Laws for remote control driving under scrutiny
UK Law Commission consults on legal options as public trials of remote control driving tech loom
With tech firms already exploring ways to drive vehicles by remote control on UK roads, the Law Commission of England and Wales has launched a new consultation to grapple with the potential legal minefield.
There’s already a live remote control trial taking place on private routes in Milton Keynes, and it has been suggested that members of the public accessing the trial could be able to hail a car and have it delivered by remote control before the year is out.
The Commission has published a paper asking for views on the need for regulating remote control driving on public roads, and the potential options. As well as the on-road trial in Milton Keynes, similar technology is already used in controlled environments such as warehouses, farms and mines. The Commission wants to find out how existing laws might apply to remote control driving technology being deployed on the road, and what new legislation would be required to back it up.
The consultation focuses on situations where someone is operating a vehicle remotely without a line of sight, and may be “many miles” away. It even mentions the possibility of vehicles on UK roads being driven remotely from foreign countries, something the Commission says “has the potential to create serious practical and legal difficulties in enforcement”, and questions whether it would need to be prohibited.
Other key questions include how a strong, reliable connection between the remote driver and the vehicle could be maintained, how remote drivers could remain aware of the surroundings of the vehicle without feeling sensations such as acceleration, how could fatigue, motion sickness and distraction be avoided, and what cybersecurity measures would be needed to prevent an unauthorised user taking control of a vehicle.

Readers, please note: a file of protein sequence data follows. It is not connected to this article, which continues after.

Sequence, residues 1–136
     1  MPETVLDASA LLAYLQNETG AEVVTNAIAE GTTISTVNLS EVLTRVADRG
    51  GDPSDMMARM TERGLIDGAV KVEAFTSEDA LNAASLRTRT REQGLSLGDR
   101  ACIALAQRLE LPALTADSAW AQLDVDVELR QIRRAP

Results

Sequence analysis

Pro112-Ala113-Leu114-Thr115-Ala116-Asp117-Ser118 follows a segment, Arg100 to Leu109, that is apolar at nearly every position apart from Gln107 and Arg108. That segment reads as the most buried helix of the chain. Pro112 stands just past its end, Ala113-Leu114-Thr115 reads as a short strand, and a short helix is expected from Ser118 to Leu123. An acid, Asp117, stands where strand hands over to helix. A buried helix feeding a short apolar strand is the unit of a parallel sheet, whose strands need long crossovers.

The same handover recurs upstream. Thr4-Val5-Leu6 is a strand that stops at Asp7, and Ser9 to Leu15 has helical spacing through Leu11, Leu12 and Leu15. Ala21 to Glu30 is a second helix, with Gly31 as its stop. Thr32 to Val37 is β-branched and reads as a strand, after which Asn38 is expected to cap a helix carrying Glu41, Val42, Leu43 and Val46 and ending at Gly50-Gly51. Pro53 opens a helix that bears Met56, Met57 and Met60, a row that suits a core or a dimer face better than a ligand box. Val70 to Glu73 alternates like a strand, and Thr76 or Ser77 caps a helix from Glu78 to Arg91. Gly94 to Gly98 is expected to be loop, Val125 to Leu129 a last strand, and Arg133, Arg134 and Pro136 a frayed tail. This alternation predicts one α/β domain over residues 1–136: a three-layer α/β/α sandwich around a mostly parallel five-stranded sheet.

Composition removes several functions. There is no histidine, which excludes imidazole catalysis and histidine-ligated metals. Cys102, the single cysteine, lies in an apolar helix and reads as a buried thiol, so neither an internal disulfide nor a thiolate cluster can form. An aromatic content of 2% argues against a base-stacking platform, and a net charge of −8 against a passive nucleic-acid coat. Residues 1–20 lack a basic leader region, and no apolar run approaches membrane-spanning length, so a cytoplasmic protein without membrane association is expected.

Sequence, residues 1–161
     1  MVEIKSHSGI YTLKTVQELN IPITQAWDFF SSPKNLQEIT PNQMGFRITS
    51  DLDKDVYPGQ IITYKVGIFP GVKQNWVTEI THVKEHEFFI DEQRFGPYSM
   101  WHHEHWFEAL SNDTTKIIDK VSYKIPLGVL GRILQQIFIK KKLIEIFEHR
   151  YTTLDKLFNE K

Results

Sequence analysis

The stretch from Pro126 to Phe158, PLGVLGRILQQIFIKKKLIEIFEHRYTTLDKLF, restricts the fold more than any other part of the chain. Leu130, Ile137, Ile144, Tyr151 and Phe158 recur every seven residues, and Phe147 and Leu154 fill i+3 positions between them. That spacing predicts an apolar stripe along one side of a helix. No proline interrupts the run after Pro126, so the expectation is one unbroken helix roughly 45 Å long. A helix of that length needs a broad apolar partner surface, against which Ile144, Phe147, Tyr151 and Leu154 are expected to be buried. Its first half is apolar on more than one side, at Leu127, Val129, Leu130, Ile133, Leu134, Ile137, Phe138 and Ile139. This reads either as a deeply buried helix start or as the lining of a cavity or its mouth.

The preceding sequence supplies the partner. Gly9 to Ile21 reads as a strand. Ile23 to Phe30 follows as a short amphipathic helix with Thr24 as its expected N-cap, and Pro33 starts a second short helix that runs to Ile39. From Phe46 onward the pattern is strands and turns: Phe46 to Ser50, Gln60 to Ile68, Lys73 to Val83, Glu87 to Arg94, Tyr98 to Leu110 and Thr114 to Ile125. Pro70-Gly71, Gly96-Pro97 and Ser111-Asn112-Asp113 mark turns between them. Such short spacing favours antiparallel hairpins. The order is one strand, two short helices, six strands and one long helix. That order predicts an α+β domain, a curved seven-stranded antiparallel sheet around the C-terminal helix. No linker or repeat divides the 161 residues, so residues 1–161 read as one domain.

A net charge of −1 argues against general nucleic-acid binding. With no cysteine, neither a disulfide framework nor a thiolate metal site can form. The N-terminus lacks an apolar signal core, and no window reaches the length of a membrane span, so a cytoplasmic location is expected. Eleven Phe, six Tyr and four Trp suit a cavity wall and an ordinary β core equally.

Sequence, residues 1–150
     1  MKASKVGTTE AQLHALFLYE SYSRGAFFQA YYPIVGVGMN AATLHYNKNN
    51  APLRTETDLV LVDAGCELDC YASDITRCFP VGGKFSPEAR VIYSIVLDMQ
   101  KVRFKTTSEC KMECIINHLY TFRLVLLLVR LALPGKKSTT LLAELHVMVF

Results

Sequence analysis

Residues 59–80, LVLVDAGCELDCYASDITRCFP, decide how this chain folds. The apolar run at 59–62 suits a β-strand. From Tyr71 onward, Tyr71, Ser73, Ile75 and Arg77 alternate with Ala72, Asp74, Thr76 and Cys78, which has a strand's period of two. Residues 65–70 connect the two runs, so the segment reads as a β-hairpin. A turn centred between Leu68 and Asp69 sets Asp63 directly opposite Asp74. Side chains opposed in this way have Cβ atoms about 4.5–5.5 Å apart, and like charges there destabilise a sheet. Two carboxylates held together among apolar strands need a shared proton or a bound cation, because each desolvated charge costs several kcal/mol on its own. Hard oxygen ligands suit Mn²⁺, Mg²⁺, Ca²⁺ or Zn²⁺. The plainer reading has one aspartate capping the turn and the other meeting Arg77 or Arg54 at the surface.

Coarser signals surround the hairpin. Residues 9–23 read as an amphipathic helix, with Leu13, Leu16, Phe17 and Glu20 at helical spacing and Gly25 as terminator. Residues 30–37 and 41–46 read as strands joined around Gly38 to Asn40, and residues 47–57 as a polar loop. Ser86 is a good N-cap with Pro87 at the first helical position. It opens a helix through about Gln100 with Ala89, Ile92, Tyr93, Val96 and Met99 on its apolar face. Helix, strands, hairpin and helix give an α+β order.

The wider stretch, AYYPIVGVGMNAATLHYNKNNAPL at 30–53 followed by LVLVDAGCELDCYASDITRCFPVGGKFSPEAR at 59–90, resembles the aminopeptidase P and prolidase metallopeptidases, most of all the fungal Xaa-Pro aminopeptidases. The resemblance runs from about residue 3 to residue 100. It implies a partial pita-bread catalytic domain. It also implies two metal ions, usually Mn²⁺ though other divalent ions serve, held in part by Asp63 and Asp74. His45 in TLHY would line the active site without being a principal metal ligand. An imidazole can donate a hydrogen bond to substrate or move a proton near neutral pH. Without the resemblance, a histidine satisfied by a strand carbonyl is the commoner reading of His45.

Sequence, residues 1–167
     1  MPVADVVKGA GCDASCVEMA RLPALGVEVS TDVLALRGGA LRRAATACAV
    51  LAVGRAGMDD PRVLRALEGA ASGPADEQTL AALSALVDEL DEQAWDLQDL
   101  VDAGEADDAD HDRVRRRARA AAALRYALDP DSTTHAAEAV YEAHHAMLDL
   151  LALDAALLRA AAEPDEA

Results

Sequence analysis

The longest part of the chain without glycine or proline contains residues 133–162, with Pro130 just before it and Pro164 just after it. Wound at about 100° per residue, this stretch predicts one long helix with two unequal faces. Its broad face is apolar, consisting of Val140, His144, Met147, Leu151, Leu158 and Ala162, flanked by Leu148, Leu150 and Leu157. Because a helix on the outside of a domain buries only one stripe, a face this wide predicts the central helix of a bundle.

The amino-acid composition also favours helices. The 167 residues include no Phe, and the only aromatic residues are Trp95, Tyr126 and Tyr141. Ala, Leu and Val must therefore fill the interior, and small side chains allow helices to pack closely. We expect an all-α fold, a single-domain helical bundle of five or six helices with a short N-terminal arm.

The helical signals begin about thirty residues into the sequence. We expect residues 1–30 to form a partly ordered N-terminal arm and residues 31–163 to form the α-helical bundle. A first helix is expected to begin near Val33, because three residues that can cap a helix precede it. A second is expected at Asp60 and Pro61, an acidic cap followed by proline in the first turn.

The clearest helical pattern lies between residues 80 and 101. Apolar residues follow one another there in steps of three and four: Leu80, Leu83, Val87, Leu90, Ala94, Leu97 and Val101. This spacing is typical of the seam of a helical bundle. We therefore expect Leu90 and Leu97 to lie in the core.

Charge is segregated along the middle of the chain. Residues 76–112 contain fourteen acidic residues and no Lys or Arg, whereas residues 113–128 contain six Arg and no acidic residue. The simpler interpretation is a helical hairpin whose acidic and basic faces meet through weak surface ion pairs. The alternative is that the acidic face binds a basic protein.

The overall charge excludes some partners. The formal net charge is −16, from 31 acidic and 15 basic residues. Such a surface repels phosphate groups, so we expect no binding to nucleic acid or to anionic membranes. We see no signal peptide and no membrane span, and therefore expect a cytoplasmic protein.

Nicholas Paines QC, public law commissioner, said: “We hope our issues paper can contribute to a healthy debate about the appropriate regulation of this technology and what can be done to maximise protection of road users while encouraging innovation.”
Jack Cousens, head of roads policy at the AA, said: “While trials of remote driving are currently underway in Milton Keynes, extending the capability to potentially allow all drivers to sit miles away and ‘drive’ a car will need extensive testing, tough regulation and a conversation that brings the public along for the journey.
“While not wishing to stand in the way of progress, most drivers just want the basics solved, such as keeping roads pothole free.”
Rod McKenzie, executive director of policy and public affairs at the Road Haulage Association, said a “massive dose of caution” was required. He told Auto Express: “There are so many factors when you’re a lorry driver that you couldn’t really see on a computer video.
“There are blind spots on trucks that need monitoring and a range of other factors, and just sitting behind a computer screen with a steering wheel isn’t going to mimic all those things. I’d be very cautious. We’d need to know more, and we’d need to see it trialled for a long time before getting any seal of approval.”
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